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Over the course of my ministry I have had three sabbaticals.  Two were intentional, supported by the URC.  One, though intentional, was self-imposed and supported by David when we moved back to the US.  My sabbaticals were all about three months long.

My two URC sabbaticals had different outcomes.  For the first one I had to produce an academic paper, buried somewhere at Westminster College, Cambridge.  That document was to “prove” that I had used my sabbatical properly.  By the time of my second sabbatical in 2017, after it was approved by the Synod Training Officer, I set out on my path knowing that the only writing I had to do was for myself, or if I chose to my church.  No official report was required.  For me this was not only a relief but a recognition that, as a minister, I simply needed rest.  This, of course, is the essence of the word, “sabbatical” which comes from the Hebrew for sabbath; we remember that God “rested” on the seventh day after the creation.

We are now finishing our three months of lockdown.  Some people have described this time as a “sabbatical.”   For our environment it may well have been—rest from so many toxic fumes—but when people speak about this being a rest, I am uncomfortable.  I am uncomfortable because I am always conscious of those who have worked doubly hard in the last few months—in healthcare settings, in “essential shops,”  in discovering how to continue life with this virus.  I am conscious of those who have lost their jobs so worry about finances does not feel restful.  I am conscious of those who have been without their support systems, whether they are personal or professional—like carers and respite for families with children who have special needs.  I am conscious of those who are working in new ways and finding these challenges stressful, though not travelling to an office may be a relief.  I am conscious of those troubled by being unable to see family and friends, feeling trapped in their homes, without routine.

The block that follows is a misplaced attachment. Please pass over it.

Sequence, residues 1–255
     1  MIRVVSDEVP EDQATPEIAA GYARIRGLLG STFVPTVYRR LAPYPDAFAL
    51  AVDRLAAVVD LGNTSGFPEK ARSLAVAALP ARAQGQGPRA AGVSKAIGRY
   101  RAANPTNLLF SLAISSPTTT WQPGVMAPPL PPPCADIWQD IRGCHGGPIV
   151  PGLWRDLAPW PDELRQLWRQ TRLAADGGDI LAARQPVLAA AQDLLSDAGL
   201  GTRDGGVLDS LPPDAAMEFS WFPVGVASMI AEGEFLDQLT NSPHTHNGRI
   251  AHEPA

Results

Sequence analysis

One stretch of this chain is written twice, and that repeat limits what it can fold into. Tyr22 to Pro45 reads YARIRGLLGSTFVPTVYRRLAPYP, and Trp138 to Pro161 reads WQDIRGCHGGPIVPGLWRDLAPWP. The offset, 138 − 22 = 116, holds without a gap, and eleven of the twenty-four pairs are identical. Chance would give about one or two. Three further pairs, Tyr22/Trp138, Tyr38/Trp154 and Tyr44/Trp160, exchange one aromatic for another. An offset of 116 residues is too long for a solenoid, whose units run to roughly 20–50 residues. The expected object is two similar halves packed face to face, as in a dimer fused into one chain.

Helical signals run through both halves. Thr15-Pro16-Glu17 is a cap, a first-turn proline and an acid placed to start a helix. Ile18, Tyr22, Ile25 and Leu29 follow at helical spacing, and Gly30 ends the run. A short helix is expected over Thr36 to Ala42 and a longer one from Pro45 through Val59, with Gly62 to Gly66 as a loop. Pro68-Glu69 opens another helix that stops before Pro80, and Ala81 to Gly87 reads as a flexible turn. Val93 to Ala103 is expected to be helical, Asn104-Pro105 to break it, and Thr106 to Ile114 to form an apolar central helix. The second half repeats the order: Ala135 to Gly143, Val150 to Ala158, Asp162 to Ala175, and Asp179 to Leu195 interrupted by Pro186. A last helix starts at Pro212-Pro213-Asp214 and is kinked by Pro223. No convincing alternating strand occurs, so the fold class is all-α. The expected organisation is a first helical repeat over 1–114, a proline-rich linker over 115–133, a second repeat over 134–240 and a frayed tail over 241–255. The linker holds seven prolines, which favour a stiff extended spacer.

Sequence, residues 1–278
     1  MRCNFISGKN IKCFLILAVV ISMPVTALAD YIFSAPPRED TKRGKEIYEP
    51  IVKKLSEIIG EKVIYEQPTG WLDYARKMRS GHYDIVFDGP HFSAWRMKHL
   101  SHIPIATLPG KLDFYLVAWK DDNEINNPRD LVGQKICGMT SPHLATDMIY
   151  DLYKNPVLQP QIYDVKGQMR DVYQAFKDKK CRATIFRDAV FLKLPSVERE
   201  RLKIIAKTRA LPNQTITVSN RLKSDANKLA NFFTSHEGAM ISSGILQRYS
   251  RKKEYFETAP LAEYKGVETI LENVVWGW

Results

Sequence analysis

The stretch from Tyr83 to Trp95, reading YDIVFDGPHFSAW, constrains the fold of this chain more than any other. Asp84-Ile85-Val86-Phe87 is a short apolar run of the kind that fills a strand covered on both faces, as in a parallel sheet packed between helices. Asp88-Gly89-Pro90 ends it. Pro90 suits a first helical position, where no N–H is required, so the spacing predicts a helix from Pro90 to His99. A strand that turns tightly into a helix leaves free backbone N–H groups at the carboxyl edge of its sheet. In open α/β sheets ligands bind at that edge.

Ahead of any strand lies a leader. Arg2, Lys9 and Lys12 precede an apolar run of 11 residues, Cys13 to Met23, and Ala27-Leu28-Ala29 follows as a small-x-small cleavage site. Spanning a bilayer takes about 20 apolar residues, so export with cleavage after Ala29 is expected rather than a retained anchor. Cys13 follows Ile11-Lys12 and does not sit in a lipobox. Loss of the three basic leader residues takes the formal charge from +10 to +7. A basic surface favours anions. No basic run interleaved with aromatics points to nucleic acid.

I am also aware of the strain so many of us are feeling.  We are living in crisis mode.  We have been vigilant against a threat.  We have seen the effects of the virus.  We are grateful that fewer people are dying, that the R number is coming down, but we have to “stay alert.”  This in itself is stressful.  How do we make choices to keep ourselves and others safe?  And how long do we have to live this way?  

I guess in the end what I am saying, is life hasn’t been a free-ride, despite what some people think.  
The last few months have not been “restful” or a sabbatical.   It has been hard—though we will experience and describe “hard” differently.  

This has been a tough few months.  It isn’t over.  It might be easier for some in the weeks ahead.  For others it is still a struggle.  When it’s tough, take a deep breath, and then put one foot in front of the other just for that hour or the day.  God is with you in the tough days and the restful days.


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